A few days ago, the government decided to end the year-long probation of the chief executive of a large public sector undertaking (PSU) and confirm him in his position. In doing so, the signals it sent out were singularly graceless. The minister said they were unable to find a suitable private sector contender for the job. Ostensibly, this was because the compensation offered was too low, in relation to job requirements and not because they used the wrong search firm, assuming they used one. If that is indeed the case, it is an insult both to the incumbent, questioning his quality and more to the government for persisting with rules that it acknowledges to be unwise. Why should professionals take a pay cut to work in a PSU?
On occasion, a more professional “work culture” and wider learning opportunities are cited as offsetting benefits in the PSU. Once, this may have been true, when private firms were largely family-run and their management more capricious, but it is now rarely the case. Moreover, learning opportunities are a double-edged sword. If anything, PSUs often constrain a professional’s ability to use what she/he learns, and a move to a private sector position may lead to greater functional freedom and satisfaction.
Neither is it the case that PSUs cannot pay, for many of them have the financial strength to afford a market-based compensation structure. Some of them have also put one in place. It was not so long ago that salaries at ICICI were similar to that of the PSU banks and Maruti’s wages was comparable with other PSUs. Over time, both these institutions have moved to compensation structures comparable with their private competitors. So, what prevents our other PSU personnel from being paid appropriately? One does not have an answer, but a clue.
It appears that distance from the government matters. Within government, there seems to be a need to compensate comparable positions similarly. The Public Enterprises Selection Board (PESB) is an institution that reinforces this notion of equity across different PSUs. It prevents the compensation at one PSU differing too much from another, since all their appointees are, in some sense, products of the same selection process. This refuses to recognize the fact that variation in compensation across firms promotes better matching of jobs to people. Beyond PESB, when the appointment becomes one that concerns the Prime Minister’s office, the chance of treating it as just another commercial job becomes even more unlikely.
Conversely, where the hiring decision is made by the board of the company rather than the government, even though it may exert its influence through its nominees on the board, it is easier to treat the position as a commercial appointment that does not need a certain parity to be ensured with other similar jobs, e.g., government servants, to minimize envy and unseemly jostling for the position.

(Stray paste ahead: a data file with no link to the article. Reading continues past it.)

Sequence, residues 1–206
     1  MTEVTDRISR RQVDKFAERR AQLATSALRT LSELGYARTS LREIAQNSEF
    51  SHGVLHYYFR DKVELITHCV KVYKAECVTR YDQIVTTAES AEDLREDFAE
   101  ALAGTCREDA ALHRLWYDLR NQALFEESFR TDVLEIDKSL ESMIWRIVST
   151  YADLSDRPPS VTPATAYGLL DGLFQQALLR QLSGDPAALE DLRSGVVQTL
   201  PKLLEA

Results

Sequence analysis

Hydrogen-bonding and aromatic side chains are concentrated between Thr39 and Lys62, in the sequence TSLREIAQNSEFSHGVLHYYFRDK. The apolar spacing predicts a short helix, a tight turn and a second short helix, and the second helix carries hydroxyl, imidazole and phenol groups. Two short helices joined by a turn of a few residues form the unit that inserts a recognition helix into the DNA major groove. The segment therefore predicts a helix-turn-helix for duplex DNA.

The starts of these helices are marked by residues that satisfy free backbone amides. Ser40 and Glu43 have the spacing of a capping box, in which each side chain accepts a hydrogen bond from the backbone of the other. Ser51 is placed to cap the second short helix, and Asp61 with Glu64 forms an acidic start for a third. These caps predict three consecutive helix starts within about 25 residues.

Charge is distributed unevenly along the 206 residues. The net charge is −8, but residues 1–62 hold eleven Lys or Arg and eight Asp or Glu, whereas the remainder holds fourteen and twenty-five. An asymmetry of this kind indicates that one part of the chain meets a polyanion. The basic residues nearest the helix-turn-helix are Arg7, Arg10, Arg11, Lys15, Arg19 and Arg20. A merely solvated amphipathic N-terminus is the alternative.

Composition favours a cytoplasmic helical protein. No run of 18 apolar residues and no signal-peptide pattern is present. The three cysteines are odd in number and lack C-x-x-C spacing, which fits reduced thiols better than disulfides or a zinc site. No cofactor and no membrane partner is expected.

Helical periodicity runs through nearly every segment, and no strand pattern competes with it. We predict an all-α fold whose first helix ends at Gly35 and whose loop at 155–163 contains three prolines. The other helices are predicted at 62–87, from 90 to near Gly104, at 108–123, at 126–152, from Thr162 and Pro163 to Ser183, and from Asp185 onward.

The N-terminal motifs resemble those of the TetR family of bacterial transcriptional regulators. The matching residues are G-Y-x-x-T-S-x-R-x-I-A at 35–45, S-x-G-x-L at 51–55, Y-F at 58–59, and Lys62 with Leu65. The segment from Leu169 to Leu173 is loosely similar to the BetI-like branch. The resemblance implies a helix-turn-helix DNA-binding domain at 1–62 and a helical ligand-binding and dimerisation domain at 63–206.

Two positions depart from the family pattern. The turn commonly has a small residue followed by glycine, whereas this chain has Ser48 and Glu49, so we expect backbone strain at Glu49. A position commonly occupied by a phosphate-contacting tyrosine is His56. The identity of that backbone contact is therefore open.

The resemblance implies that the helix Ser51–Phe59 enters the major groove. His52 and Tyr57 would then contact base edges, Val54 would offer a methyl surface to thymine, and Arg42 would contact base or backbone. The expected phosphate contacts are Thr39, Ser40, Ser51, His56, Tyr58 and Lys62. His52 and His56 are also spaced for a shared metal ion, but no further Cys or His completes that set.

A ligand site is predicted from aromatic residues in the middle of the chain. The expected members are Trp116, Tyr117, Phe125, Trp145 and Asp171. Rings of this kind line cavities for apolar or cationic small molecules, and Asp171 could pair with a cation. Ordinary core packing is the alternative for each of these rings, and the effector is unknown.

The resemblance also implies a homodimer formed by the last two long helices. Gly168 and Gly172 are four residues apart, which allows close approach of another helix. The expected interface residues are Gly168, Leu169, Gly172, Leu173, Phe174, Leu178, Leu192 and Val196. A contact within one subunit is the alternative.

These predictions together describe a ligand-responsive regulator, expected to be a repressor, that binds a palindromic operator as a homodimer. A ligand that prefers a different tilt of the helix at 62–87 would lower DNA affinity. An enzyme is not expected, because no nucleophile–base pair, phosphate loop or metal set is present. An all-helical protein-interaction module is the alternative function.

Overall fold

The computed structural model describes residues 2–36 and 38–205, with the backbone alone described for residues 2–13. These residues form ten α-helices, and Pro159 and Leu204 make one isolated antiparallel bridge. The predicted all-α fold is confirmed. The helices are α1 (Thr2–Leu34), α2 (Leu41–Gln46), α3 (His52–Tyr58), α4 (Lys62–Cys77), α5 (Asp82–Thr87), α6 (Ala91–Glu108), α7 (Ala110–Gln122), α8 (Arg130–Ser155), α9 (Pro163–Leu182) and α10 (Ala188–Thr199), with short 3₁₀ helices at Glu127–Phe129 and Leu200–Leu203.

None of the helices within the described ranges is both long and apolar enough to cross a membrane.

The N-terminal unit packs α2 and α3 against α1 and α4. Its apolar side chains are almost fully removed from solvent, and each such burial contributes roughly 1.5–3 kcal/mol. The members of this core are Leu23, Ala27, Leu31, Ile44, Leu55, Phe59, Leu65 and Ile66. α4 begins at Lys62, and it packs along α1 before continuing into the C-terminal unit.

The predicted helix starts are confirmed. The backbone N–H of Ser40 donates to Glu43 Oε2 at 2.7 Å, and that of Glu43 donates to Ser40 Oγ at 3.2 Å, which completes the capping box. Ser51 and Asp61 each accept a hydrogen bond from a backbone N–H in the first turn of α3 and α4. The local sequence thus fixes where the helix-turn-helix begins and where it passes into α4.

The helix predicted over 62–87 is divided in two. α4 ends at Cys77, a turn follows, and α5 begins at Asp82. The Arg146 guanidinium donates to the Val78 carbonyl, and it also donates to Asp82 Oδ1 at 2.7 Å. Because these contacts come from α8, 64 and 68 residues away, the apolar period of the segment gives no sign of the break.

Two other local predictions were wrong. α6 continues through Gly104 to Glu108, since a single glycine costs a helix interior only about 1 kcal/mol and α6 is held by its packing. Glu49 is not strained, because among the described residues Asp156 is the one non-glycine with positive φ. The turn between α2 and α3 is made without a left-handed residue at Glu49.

The story in China is markedly different. Chinese PSUs and joint ventures span the entire gamut of economic activity, from advanced electronics and power plants to hotel chains and financial institutions. Compensation at most of these firms is market-related, though they may not be the best paymasters. If China seems too far removed, just look across the border. While regulatory agencies in Pakistan do not pay market salaries, they do pay significantly more than standard government scales. Coupled with the challenges of the job, they are able to attract and retain many well-trained professionals, who would otherwise have significant market opportunities. Recently, CEOs of water and sanitation agencies in Lahore were also hired with similar compensation packages. If they can do it, why can’t we?
It is important to recognize that the market failures that led to the establishment of many PSUs have long since disappeared. With Mittal and Tata in the fray, SAIL no longer commands the heights. Many can be allowed to function almost entirely on commercial lines. This would involve distancing them from government and giving them full operational freedom. Compensation is one area, and investment is another, where the Public Investment Board second-guesses all major decisions even if no fiscal support is involved.
Maybe the fear is that given investment freedom, PSUs will undertake more self-serving projects than they do now. China provides many such instances. However, we do have a better corporate governance system, which is designed precisely for such situations. Here, the signals from the government so far have not been particularly encouraging. Once it became clear that government nominees would not be considered as independent directors on PSU boards, it has tried to get around the spirit of the law, rather than utilize the opportunity to make the PSUs more independent, while ensuring appropriate oversight.
This twilight zone existence, where the PSUs have to compete nationally and internationally, with large private sector firms, but with radically limited decision-making powers, needs to go. Is this possible without divestiture? I, for one, think not, but am willing to be proved wrong.
(Partha Mukhopadhyay is senior fellow at the Centre for Policy Research, New Delhi. Comment at firstname.lastname@example.org)